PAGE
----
• In one form the tile leveller comprises a wheel member, and a flat lower surface of the wheel member engages the top surface of the four adjacent tiles, and central portion comprising an aperture for receiving the stem portion of the tile spacer and a plurality of struts that connect the wheel member to the central portion. This ensures the tile joint remains visible during spacing and levelling operation, and allows visual inspection of the tile joint after the levelling operation.
  • In one form the tile spacer and tile leveller are injection moulded components. In one form the tile spacer is constructed of a translucent or transparent plastic.
  • According to a second aspect, there is provided a tile spacer for use in the tile spacer and levelling system.
  • According to a third aspect, there is provided a tile leveller for use in the tile spacer and levelling system.
  • According to a fourth aspect, there is provided a levelling hand tool for use in the tile spacer and levelling system.
  • According to a fourth aspect there is provided a method for spacing and levelling tiles using the system described above, the method comprising:
  • locating a base of the tile spacer under a first tile and an adjacent second tile;
  • laying a further two adjacent tiles;
  • spacing the four adjacent tiles using a tile alignment portion on a stem of the tile spacer;
  • inserting a tile leveller over the stem of the tile spacer;
  • setting a stop of a levelling hand tool to a first setting to set a separation distance between a forward end of the levelling hand tool and the stop;
  • placing the levelling hand tool over the stem and actuating a trigger of the levelling hand tool to pull the stem into the levelling hand tool and thus to force the forward end of the levelling hand tool to engage with tile leveller and force the tile leveller down the stem and against the top of the tiles so as clamp the tiles between the base and the tile leveller so as to level the tiles, until the stop prevents further movement of the stem into the levelling hand tool;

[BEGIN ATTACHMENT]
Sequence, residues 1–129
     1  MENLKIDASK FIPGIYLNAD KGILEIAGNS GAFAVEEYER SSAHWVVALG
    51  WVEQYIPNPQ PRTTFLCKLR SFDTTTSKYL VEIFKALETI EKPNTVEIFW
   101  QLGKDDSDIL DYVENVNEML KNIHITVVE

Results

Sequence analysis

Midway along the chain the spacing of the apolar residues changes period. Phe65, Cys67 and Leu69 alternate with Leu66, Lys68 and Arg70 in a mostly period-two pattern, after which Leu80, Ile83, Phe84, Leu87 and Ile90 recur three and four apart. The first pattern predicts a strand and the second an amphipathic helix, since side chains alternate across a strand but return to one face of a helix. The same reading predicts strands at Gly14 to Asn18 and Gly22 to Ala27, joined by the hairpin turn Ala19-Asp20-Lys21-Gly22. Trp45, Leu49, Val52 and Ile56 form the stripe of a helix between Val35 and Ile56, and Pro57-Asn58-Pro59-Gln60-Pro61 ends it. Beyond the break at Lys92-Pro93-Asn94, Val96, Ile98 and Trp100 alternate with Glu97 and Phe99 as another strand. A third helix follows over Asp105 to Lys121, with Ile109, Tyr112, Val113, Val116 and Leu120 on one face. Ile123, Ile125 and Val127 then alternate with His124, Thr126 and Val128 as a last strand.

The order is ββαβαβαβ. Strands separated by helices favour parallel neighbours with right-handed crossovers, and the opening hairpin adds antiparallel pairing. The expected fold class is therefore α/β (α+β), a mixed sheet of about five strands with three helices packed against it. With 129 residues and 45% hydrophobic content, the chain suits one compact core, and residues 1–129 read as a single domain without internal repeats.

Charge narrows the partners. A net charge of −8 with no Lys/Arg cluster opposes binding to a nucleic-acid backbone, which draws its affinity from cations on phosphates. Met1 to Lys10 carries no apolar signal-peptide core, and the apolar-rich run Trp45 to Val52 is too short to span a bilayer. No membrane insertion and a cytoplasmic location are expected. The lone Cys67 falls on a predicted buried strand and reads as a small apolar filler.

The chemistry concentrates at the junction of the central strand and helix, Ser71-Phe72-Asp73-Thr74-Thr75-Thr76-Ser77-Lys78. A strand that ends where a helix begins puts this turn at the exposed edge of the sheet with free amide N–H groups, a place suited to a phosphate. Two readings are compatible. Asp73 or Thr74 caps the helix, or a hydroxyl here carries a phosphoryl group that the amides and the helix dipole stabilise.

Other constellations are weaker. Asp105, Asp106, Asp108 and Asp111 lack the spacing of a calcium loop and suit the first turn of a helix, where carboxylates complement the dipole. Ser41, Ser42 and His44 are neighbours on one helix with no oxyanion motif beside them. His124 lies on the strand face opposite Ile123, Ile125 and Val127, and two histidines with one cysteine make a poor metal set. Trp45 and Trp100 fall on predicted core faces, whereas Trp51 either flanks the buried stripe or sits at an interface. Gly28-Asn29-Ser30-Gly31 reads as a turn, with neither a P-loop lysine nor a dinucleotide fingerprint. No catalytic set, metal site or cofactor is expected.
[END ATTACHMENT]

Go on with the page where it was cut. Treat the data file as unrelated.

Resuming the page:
• removing the levelling hand tool from the stem;
  • leaving the tiles in a levelled state for a period of time;
  • adjusting the stop to increase the separation distance relative to the first setting;
  • placing the levelling hand tool over the stem and actuating the trigger to pull the stem into the levelling hand tool and to force to the tile leveller and against the top of the tiles to force the frangible portion to break; and
  • removing the stem of the spacer and the tile leveller.
  • A detailed description of one or more embodiments of the invention is provided below along with accompanying figures that illustrate by way of example the principles of the invention. While the invention is described in connection with such embodiments, it should be understood that the invention is not limited to any embodiment. On the contrary, the scope of the invention is limited only by the appended claims and the invention encompasses numerous alternatives, modifications and equivalents. For the purpose of example, numerous specific details are set forth in the following description in order to provide a thorough understanding of the present invention.
  • The present invention may be practiced according to the claims without some or all of these specific details. For the purpose of clarity, technical material that is known in the technical fields related to the invention has not been described in detail so that the present invention is not unnecessarily obscured.